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Alternative protein’s correction phase: a catalyst for accelerated growth

Alternative protein is navigating a correction phase but will grow and accelerate change

The alternative protein sector (like many food and beverage industries) has faced challenges in recent years – with a reported ‘downturn’ in sales and struggles with capacity. However, according to a new report, the alternative protein sector is navigating a necessary correction phase that will strengthen its long-term outlook and resilience.

The report – Five Years, 100 Startups, and the Future of Food – led by ProVeg Incubator, shares industry trends, insights, and an outlook for the future. It also celebrates the Incubator programme’s milestone of supporting over 100 startups over the past five years. ProVeg Incubator, part of ProVeg International, is a program designed to support alt-protein and food-tech startups.

Alternative protein's correction phase: a catalyst for accelerated growth

The team has supported 105 startups spanning a growing number of sub-sectors that include plant-based (71), biomass fermentation, algae- and fungi-based (18), cellular agriculture and precision fermentation (14), plant-cell culture (1), and molecular farming (1).

“We are beyond the first wave of product innovation and consumer adoption. The next wave will lead the way, and further accelerate the transformation and growth of the industry.”

Albrecht Wolfmeyer

Director at the ProVeg Incubator

Read on for the report’s key takeaways.

Correction phase

The alternative protein sector has been affected by a challenging macroeconomic environment, while also navigating a correction phase in sentiment among consumers and investors, as is common for almost all high-growth consumer segments.

Alternative protein's correction phase: a catalyst for accelerated growth
Source: Pexels/Gustavo Fring.

“The industry is simmering down, not burning out. Like any emerging sector, this is a healthy recalibration, separating the true potential from the hype. This consolidation will help the sector bounce back stronger on the other side,” explains Divya Murthy, Co-head and Investment Lead, at the ProVeg Incubator.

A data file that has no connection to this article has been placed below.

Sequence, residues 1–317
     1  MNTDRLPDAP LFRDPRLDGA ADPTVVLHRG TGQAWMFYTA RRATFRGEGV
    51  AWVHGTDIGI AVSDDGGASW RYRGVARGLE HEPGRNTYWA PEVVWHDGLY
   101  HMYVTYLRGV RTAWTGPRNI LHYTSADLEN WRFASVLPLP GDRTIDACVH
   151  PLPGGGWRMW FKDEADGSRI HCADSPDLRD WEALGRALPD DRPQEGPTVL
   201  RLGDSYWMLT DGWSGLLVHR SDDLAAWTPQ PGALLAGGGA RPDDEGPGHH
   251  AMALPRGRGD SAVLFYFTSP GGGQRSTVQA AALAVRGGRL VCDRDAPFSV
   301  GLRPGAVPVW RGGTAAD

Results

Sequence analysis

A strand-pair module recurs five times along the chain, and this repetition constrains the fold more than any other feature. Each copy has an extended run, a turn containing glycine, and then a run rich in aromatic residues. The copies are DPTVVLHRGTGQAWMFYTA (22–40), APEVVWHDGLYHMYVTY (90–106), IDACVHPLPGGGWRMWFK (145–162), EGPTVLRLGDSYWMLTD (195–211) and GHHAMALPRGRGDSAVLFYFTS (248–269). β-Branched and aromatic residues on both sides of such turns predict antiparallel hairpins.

The future is bright

We anticipate that 2024-25 will be a challenging period. Harsh economic conditions and a difficult investment landscape will lead to further consolidation in the sector. But, according to the Incubator’s report, there’s also plenty of cause for optimism.

A new wave of more price-competitive products is hitting the market with cleaner labels, better taste and nutritional values, and improved texture. At the same time, cultivated meat products are gradually being approved and available in some markets, while new products made using fermentation and mycoprotein are also now available to buy.

“We expect a wave of plant-based 2.0 products and a steady flow of new product success stories that will generate a new narrative for the alternative protein category, leading to improved investment conditions for startups,” adds Hédi Farhat, Investment Manager, at ProVeg Incubator.

Next: New pathways and collaboration

We predict significant progress in alt-protein product development in the next three to five years. By then, most alt-protein products will likely match conventional products in taste, texture, and price.

Additionally, as regulatory pathways improve, the cultivated and precision fermentation sectors will mature significantly, particularly in the US and Singapore, and potentially in Europe.

Later: Investment upswing, widespread alt-protein technology, and new market opportunities

Over the next eight to 10 years, expect that alt-protein products will become the default option for most people, as alt-protein functionality improves and more and more consumers make the connection between animal-based products and the climate crisis. By then, there will also be considerably more options available for alternatives to conventional animal-based products. 

“We’ll see more cultivated foods available at restaurants in Singapore and the US. In Europe, where regulatory approval is slower, the first wave of restaurants will have cultivated meat and seafood on their menus.”

Antje Räuscher

Co-head and Partnerships Lead at ProVeg Incubator

In 10 years

As technology accelerates and funding recovers, we foresee mainstream adoption in the next decade, with investment likely to increase significantly. “In 10 years, we expect alternative protein funding to surpass USD 10 billion a year, more than doubling the 2021 figure,” says Wolfmeyer.

Alternative protein's correction phase: a catalyst for accelerated growth
Source: Unsplash/Grooveland Designs.

“At the same time, much more capital will be needed to drive the transformation of our food systems. Strategic investors, corporations, and especially public funds and programs – which a couple of countries have already started – will play a pivotal role here,” he said.

The state of the market 



Industry views 

The 100 startups 

Dive into the full report, here.

For more news, insights and support on your alternative protein strategy, contact ProVeg’s experts at [email protected]

Check out our interviews with some of our ProVeg Incubator alumni: Omni Pet Food, Wildtype Foods, Food Squared, Infinite Roots.

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